Spoiler Alert–The Lost Symbol October 25, 2009Posted by caveblogem in Books.
I guess it should be no surprise to me that I am not part of the demographic for which Dan Brown’s new book The Lost Symbol was written. I find myself very irritated by the protagonist, who I find wimpy and self-righteous and boneheaded. How could Tom Hanks have wanted to play this guy on the big screen? An example:
Then watch ESPN, Langdon thought, always amused to see professional athletes point skyward in gratitude to God after a touchdown or home run. He wondered how many knew they were continuing a pre-Christian mystical tradition of acknowledging the mystical power above, which, for one brief moment, had transformed them into a god capable of miraculous feats. –pp 87
Can you continue a tradition without knowing it? What if the meaning you are trying to convey is: we’re #1? And why does this amuse our symbologist? The first two questions are rhetorical, of course. The answer to the third is because he thinks he is superior to them. I would love to take the guy to a sports bar to watch a game, and I actually smiled briefly during the part of the book where you are supposed to think that he has drowned.
But I do find myself wondering who it is that makes up his main demographic, the people who like this Robert Langdon and identify with him in the way you are supposed to care about protagonists of bestsellers.
See, much of the tension in the plot of The Lost Symbol depends upon the reader feeling that the unearthing of a secret by its central villain will be incredibly destructive. The reader is unsure what constitutes this secret until very nearly the end of the book. We are led to assume that the consequences will be on par with an atomic bomb.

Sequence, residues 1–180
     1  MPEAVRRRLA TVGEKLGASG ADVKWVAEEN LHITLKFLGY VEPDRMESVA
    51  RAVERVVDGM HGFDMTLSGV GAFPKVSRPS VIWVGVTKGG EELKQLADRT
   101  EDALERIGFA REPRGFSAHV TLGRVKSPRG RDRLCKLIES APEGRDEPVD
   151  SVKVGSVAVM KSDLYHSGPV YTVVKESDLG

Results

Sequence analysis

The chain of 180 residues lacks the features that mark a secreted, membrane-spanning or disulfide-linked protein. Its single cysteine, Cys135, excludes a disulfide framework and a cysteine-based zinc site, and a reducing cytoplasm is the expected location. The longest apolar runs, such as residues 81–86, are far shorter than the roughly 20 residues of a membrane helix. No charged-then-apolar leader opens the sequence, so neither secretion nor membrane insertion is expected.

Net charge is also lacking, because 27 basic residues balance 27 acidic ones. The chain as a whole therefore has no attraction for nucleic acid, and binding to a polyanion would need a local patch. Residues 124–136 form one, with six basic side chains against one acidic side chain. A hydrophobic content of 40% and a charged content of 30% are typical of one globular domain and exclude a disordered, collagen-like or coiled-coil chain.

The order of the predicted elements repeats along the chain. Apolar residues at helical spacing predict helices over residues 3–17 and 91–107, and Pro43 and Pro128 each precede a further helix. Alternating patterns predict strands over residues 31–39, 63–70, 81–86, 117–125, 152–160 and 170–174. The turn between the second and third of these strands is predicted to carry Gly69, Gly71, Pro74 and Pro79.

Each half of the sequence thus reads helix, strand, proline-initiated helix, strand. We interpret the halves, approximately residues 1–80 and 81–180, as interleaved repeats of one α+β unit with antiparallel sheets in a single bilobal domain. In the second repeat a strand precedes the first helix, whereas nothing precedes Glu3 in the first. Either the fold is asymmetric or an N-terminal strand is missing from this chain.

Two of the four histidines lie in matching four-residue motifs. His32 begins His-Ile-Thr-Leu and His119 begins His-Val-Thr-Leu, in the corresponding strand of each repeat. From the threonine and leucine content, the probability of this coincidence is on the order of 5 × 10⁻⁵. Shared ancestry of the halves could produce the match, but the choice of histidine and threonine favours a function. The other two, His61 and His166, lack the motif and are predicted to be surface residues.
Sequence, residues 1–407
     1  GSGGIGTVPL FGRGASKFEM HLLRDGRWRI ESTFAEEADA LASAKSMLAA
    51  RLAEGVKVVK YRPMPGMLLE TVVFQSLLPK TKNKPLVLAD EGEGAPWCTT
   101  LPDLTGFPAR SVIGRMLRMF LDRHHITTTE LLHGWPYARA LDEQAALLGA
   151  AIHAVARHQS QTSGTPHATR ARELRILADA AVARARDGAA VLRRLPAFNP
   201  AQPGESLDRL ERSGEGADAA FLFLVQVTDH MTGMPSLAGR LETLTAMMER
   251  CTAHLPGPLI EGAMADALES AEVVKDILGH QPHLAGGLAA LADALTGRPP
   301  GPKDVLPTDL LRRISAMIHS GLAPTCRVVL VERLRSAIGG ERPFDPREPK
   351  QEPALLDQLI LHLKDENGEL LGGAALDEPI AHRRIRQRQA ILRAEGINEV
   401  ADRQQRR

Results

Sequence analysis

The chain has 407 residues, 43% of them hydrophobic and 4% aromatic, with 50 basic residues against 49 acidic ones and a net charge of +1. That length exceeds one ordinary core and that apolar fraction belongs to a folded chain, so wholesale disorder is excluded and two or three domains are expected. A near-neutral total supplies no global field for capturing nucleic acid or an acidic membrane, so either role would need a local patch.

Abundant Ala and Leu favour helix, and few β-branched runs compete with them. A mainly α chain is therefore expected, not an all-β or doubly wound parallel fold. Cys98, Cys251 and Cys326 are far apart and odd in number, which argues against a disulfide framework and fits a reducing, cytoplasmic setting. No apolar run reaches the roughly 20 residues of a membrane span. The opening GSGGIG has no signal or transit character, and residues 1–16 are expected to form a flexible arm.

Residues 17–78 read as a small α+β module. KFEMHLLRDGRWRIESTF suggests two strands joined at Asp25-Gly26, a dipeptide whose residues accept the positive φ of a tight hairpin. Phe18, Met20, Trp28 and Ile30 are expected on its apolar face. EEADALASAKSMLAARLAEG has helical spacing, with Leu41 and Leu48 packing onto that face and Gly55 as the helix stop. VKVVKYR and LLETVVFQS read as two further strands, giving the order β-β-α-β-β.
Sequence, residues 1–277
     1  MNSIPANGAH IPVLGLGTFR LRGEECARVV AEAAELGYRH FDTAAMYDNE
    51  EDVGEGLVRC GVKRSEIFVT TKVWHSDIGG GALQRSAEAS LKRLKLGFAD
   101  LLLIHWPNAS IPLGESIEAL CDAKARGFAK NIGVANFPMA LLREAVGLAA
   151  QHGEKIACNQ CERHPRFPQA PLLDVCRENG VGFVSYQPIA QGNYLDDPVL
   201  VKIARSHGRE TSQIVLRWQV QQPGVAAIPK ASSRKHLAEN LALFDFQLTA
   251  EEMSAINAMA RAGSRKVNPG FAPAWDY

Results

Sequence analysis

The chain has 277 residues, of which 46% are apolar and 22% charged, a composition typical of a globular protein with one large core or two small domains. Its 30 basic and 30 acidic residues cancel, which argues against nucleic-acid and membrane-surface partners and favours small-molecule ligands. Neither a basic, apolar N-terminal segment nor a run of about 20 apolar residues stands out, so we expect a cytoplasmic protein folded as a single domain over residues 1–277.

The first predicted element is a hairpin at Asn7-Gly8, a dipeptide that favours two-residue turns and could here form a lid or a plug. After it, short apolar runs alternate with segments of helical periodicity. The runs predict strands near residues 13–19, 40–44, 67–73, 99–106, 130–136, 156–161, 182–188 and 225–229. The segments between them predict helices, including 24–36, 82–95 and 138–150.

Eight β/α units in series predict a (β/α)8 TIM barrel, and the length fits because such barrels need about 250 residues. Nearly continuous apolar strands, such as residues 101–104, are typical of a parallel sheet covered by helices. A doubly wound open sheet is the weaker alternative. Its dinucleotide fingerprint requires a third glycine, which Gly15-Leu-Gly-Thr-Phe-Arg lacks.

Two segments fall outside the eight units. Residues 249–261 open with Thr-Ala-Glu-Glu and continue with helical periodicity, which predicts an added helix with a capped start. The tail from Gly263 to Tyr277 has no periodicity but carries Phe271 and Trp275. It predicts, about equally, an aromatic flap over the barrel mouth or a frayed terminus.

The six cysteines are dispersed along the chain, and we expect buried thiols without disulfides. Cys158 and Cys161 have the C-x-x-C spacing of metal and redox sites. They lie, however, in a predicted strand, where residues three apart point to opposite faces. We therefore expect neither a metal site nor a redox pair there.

Langdon turned to her trying to speak, but he could find no words. It didn’t matter. Understanding was written all over his face Sato was right. Tonight was a national security crisis . . . of unimaginable proportions. (ellipsis in original, I’m afraid, pp. 438)
So when I finally get to the denouement of this terrible secret, that many high-ranking politicians are Masons, and were caught on videotape doing their Masonic rituals, and the villain is going to send the video to major media outlets, I am mystified. You read that last sentence correctly, not Mansons, he’s writing about Masons. And this is supposed to be a bad thing because people won’t understand. There will be a sort of witch hunt that will lead to total chaos.
I have nothing against Masons. But I found myself thinking that it would not be the tragedy he makes it out to be. Secret rooms for Masonic rituals in the Capitol building sub-basement? Covert brotherhoods among the most powerful people in the country? The Director of the CIA scrambling operatives to keep all this stuff secret? Maybe I am a little angry about the mismanagement of this country over the last (pick a number) years, but I found myself thinking: Bring on the videotape, bring on the chaos.
So, naturally, I found myself wondering, who, when reading this part of the book, breaths a sigh of relief, thinking “gosh, I’m glad they were able to keep that stuff under wraps”?